The American Revolution was a war, but it was also a time, a span of history, in which some people fought, but most just lived. They thought, acted, worked, raised families, worshipped, built, sold, bought, and tried to live as best they could in a time of hope, anxiety, despair, loss, gain, and, above all, disruption.
In the Time of the Revolution is a popular, single-volume history of the American Revolution, 1775 to 1783, an intensely active, exciting, and critical span of time in North America. It began with a lopsided skirmish at Lexington, Massachusetts, culminated militarily in a major amphibious campaign mounted by a large Franco-American army against British army and naval forces at Yorktown, Virginia in 1781, and then passed through two more years of desultory combat and cruel fights between diehard Loyalists and vengeful Patriots before ending in the Treaty of Paris. During these eight years in an America that was a collection of young towns on the edge of a vast wilderness, the break-up with the mother country was the central fact of life.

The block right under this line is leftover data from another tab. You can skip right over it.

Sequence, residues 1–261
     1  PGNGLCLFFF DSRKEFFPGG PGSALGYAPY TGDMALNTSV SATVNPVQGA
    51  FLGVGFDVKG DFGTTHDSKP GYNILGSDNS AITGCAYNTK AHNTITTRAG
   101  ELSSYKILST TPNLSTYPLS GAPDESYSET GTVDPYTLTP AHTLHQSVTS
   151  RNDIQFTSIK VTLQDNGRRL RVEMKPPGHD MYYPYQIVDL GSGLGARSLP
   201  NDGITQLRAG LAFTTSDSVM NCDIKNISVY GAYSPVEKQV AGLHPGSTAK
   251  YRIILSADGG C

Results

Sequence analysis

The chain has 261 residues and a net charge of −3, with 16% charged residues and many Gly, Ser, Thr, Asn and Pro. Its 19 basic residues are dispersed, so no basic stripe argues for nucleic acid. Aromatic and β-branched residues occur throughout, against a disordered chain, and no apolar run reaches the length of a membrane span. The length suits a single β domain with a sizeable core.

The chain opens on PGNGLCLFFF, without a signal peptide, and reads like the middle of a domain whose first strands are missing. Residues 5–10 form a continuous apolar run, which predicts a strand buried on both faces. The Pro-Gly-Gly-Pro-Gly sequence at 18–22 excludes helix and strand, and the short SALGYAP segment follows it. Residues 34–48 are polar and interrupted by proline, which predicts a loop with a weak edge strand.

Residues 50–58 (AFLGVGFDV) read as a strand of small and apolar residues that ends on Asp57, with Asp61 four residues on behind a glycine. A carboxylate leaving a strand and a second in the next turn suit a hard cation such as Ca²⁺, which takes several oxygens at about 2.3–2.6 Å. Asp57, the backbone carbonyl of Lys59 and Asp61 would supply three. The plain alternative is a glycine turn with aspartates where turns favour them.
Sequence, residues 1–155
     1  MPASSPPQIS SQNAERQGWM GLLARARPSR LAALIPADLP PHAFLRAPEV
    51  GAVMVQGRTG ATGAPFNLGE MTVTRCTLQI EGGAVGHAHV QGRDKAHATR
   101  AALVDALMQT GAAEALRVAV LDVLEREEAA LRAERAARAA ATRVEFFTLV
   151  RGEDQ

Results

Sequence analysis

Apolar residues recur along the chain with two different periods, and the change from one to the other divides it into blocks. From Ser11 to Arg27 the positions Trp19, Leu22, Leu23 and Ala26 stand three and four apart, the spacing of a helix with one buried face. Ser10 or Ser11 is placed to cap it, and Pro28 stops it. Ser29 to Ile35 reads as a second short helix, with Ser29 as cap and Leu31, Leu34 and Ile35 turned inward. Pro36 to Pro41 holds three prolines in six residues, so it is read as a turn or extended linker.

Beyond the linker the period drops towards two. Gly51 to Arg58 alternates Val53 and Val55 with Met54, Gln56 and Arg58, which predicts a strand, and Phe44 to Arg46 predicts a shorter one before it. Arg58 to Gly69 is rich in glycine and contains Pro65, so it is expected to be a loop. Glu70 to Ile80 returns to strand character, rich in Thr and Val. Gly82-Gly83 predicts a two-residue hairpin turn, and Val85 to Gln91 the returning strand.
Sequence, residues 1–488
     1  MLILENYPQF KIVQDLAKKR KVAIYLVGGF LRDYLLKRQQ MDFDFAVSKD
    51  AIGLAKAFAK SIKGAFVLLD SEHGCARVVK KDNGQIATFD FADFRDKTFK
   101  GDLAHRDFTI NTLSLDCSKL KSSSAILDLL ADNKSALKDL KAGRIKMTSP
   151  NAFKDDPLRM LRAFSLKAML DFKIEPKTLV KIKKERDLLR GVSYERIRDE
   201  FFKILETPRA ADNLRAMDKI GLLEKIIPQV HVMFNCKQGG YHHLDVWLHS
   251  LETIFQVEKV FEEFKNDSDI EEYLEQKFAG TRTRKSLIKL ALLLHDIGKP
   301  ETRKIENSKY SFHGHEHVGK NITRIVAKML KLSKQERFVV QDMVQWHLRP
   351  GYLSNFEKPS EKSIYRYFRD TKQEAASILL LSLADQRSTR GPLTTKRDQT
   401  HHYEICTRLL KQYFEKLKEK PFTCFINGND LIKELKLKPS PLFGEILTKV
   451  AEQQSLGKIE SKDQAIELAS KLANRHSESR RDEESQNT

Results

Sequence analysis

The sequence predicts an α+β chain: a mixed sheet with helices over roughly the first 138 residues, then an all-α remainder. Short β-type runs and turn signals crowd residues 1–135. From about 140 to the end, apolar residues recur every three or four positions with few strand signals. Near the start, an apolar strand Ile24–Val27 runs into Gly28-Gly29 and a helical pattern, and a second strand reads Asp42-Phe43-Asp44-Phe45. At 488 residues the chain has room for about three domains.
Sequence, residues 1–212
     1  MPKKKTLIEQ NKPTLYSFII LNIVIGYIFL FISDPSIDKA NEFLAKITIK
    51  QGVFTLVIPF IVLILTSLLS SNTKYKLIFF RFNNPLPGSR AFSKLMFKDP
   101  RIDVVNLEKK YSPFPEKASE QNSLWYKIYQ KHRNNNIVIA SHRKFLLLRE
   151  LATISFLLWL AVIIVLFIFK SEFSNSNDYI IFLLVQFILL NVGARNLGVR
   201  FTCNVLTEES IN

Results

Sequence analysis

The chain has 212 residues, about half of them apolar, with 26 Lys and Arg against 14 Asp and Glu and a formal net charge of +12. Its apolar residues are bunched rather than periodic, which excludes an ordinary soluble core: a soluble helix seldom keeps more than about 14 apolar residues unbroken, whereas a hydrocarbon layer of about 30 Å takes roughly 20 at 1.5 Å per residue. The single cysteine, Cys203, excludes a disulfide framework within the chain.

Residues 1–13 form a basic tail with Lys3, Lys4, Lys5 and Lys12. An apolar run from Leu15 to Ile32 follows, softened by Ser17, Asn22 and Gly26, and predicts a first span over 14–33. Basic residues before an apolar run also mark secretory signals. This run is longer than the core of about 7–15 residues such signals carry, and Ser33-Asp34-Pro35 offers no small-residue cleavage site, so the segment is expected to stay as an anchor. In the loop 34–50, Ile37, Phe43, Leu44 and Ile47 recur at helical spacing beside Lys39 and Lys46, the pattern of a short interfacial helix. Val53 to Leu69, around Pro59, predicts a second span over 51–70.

Alan Axelrod is the author of many books on leadership, history, and military history, including Miracle at Belleau Wood (Lyons Press, 2018), The Battle of the Somme (Lyons Press, 2016), The Battle of Verdun (Lyons Press, 2016), and Selling the Great War: The Making of American Propaganda (Palgrave Macmillan, 2009). He has taught at Lake Forest College (Lake Forest, IL) and Furman University (Greenville, SC) and was most recently a creative consultant and on-screen commentator for The Great War, on the PBS American Experience television series. He lives in Atlanta, Georgia.